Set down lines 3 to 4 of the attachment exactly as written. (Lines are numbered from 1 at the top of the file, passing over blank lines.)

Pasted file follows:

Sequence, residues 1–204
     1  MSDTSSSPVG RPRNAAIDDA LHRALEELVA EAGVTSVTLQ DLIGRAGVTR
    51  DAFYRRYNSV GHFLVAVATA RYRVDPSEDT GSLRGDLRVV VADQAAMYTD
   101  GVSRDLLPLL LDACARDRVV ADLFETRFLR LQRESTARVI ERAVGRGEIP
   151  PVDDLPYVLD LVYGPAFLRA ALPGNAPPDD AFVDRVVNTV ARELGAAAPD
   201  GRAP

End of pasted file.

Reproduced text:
    51  DAFYRRYNSV GHFLVAVATA RYRVDPSEDT GSLRGDLRVV VADQAAMYTD
   101  GVSRDLLPLL LDACARDRVV ADLFETRFLR LQRESTARVI ERAVGRGEIP